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SC02 - Multifocal Lung Cancer (ID 326)
- Event: WCLC 2016
- Type: Science Session
- Track: Radiology/Staging/Screening
- Presentations: 1
SC02.02 - Surgical Choices for Patients with Multifocal Lung Cancer (ID 6605)
11:00 - 12:30 | Author(s): S. Swanson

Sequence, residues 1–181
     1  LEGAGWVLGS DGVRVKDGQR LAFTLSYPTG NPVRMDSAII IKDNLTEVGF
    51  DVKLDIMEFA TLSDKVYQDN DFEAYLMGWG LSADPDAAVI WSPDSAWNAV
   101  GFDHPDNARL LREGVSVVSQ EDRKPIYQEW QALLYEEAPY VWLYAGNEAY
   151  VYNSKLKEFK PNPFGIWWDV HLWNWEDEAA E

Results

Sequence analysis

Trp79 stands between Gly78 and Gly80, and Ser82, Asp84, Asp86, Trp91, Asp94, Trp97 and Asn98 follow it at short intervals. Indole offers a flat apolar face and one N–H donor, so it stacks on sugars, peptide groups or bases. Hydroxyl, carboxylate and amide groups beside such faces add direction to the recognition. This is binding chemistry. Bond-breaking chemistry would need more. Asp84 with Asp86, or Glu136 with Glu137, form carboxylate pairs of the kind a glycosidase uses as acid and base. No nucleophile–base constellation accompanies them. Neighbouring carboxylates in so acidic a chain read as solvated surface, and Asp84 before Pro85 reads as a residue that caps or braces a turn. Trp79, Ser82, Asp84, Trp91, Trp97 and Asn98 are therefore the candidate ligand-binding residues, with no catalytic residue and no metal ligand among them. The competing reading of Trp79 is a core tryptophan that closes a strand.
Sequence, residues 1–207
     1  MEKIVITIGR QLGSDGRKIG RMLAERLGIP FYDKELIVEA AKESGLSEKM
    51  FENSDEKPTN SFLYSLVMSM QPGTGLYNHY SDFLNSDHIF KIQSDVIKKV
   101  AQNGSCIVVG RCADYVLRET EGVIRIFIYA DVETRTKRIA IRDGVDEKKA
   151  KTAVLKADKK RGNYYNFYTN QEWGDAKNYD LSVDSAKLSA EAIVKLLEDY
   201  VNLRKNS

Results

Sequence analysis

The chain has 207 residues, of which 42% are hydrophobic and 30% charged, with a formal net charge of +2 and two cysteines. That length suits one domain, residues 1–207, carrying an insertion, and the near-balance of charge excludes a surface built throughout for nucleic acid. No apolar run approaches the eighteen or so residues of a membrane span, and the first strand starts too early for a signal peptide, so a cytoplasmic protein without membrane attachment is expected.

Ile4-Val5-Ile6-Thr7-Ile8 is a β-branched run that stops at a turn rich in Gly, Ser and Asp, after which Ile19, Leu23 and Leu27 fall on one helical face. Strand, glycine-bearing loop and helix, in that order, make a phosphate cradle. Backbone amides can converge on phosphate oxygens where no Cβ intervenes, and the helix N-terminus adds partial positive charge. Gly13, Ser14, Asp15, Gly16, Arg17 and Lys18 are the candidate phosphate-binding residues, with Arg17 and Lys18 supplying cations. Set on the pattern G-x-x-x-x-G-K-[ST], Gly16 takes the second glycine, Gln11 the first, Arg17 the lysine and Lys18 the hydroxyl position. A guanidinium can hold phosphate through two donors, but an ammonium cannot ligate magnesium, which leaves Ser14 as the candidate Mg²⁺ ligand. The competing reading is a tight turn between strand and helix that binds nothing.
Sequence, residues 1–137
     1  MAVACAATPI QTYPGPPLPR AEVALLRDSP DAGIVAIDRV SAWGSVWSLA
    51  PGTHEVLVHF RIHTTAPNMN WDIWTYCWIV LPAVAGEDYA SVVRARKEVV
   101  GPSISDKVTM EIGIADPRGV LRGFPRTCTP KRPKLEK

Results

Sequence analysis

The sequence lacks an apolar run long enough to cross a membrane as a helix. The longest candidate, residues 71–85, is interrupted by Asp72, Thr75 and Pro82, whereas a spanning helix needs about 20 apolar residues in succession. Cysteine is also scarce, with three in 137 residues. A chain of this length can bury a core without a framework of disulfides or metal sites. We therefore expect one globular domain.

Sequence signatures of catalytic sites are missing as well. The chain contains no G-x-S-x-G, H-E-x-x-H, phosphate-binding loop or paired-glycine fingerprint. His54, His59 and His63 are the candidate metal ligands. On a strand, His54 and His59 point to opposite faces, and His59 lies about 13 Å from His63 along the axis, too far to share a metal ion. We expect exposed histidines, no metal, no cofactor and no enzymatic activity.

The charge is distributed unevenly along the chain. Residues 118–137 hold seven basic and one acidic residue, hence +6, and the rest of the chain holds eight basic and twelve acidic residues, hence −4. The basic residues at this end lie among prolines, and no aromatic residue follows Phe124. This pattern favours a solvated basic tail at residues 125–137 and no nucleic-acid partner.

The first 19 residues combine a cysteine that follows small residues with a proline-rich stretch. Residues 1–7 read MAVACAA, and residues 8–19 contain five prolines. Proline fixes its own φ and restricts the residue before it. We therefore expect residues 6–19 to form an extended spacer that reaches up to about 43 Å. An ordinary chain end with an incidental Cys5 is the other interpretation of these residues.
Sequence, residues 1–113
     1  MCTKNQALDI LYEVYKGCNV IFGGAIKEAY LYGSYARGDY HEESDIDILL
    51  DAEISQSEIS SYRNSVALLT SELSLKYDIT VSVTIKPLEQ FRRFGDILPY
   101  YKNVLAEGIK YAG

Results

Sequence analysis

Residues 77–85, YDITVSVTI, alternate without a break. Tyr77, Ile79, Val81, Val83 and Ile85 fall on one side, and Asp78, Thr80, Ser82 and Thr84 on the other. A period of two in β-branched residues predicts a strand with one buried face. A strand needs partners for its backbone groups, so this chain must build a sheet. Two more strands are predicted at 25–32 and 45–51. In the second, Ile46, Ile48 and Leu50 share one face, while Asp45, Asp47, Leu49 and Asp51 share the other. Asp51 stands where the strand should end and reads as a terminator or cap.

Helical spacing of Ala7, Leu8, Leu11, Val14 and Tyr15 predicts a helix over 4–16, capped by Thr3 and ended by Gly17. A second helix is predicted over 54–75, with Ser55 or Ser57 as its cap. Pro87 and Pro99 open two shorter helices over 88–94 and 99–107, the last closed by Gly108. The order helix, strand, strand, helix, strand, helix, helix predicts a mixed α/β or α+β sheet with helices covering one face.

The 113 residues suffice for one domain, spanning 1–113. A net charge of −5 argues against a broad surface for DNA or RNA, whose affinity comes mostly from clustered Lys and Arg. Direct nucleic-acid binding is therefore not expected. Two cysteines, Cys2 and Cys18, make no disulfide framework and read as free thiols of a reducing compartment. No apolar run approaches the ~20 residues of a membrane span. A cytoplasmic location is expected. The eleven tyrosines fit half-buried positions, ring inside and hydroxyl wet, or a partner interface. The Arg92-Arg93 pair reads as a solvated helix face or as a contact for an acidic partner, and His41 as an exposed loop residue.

The Surgical Choices for Patients with Multifocal Lung Cancers Surgery for patients with multiple lung lesions is a growing domain. CT scans are obtained frequently and have high resolution such that any lesion in the lung that is 2 millimeters or larger can be identified. Also, it appears that multifocal lung lesions are more common now. At the same time, surgical technique and technology (minimally invasive) have evolved so identifying and resecting small lesions is straightforward and associated with very little morbidity and pain. In most cases there is one lesion (primary lesion) that is more concerning and others that are smaller, less solid or relatively unchanged over time. Often a diagnosis of all of the lesions is not known at the time of surgical intervention and in many cases no diagnosis is known ahead of time. Thus, the surgeon must integrate many factors when operating on multifocal lung findings. What are risk factors that the patient will have lung cancer, what are the patient’s co-morbidities and underlying lung function? When is it important to establish a pre-operative diagnosis? How important is it to resect all of the pulmonary lesions seen on CT scan? Will other therapy be needed? In general, our approach is to obtain a pre-operative diagnosis when possible if the surgery will be particularly challenging based on the location and number of the lesions and/or if the patient has very compromised lung function. The most important point is to anatomically resect the primary lesion; that nodule which is largest, most solid and/or growing the fastest. If the lesion is 2 centimeters or smaller and located within a segment that is straightforward to resect (superior segment lower lobe, lingula or upper division of the left upper lobe, posterior segment of the right upper lobe, medial basilar segment of the lower lobe or composite basilar segments of lower lobe) then a segmentectomy is the procedure of choice. This will provide an excellent oncologic outcome and more readily permit other pulmonary resection than if a lobectomy or greater had been carried out. In all cases a lymph node dissection should be performed and in the case of a sublobar resection it is important to assess, by frozen section, the intersegmental node or nodes between the area being removed and the part of the lobe being left (sump), to be sure no disease remains related to this primary lesion. If the sump node is positive then a lobectomy should be strongly considered. If the lesion is greater than 2 centimeters and for those deep seated more central lesions, a lobectomy is the best operation. If the lesion is about one centimeter and subpleural then a wide wedge resection can be considered though this is an unusual situation for the primary lesion. For the other lesions (non-primary), if they are ipsilateral and easy to identify and resect then they should be removed at the time of the surgery for the primary lesion. If it is possible to resect these lesions with a segment (preferable) or wide wedge this is best. If the non-primary lesions are pure ground glass, relatively small (i.e. less than 2-3 centimeters) and stable then it is reasonable to leave them in place for close follow-up. Once the permanent pathology including molecular analysis is done and the patient has recovered then surgery for the contralateral lesions is considered. Factors that are important in this are residual pulmonary function (repeat pft’s after the first operation), size (both baseline and recent growth) and density of the contralateral lesions. Also, pathology of the resected tumors and whether they represented separate primary tumors or possibly were metastatic tumors, although even with molecular analysis this can be difficult to ascertain, is important in planning. Surgery on the contralateral lesions should be as lung-sparing as possible with segmentectomy being the procedure of choice when possible followed by wide-wedge resections or lobectomy if dictated by size and location. The outcome of patients who had surgery for multiple lung cancers is generally quite good and not statistically different than the outcome for a solitary lung cancer. The patients in these series were highly selected. In most cases the pathology of these lesions is a mix between invasive adenocarcinoma (various subtypes), minimally invasive adenocarcinoma and adenocarcinoma in-situ. Whether mutations are identified is variable and does not seem to influence prognosis. Use of adjuvant therapy depends on the completeness of resection, the nodal status and the molecular analysis of the resected tumors. In general, assuming no nodal involvement and complete resection of the lesions removed, no adjuvant therapy is recommended. In all cases close follow-up is mandatory with visits and frequent ct scans (2-3/yr for 2 years then 1-2/year for 3 years then 1/yr for life). Graph of Survival for patients treated by surgical resection for synchronous primary lung cancers. Figure taken from: Finley et al. Journal of Thoracic Oncology. 2010. (ref 2) Figure 1 References: Shimada et al. Survival of a surgical series of lung cancer patients with synchronousmultiple ground-glass opacities, and the management of the residual lesions. Lung Cancer 2015 Finley et al. Predictors of outcomes after surgical treatment of synchronous primary lung cancers. Journal of Thoracic Oncology. 2010. Bonanno et al. Morphological and genetic heterogeneity in multifocal lung adenocarcinoma: The case of a never-smoker woman. Lung Cancer 2016. Fonseca A and Detterbeck FC. How many names for a rose: Inconsistent classification of multiple foci of lung cancer due to ambiguous rules. Lung Cancer 2014. Yasuda M et al. How should synchronous multiple primary adenocarcinomas of the lung be resected? Annals of Thoracic Surgery 2014. Wolf AS et al. Lobectomy versus sublobar resection for small (2 cm or less) non-small cell lung cancers. Annals of Thoracic Surgery 2011. Mohiuddin K et al. Relationship between margin distance and local recurrence among patients undergoing wedge resection for small (<2 cm) non-small cell lung cancer. Journal of Thoracic and Cardiovascular Surgery. 2014. Nakata M et al. Surgical treatments for multiple primary adenocarcinoma of the lung. Annals of Thoracic Surgery. 2004. Battafarano RJ et al. Surgical resection of multifocal non-small cell lung cancer is associated with prolonged survival. Annals of Thoracic Surgery. 2002. Gu B et al. A dominant adenocarcinoma with multifocal ground glass lesions does not behave as advanced disease. Annals of Thoracic Surgery. 2013.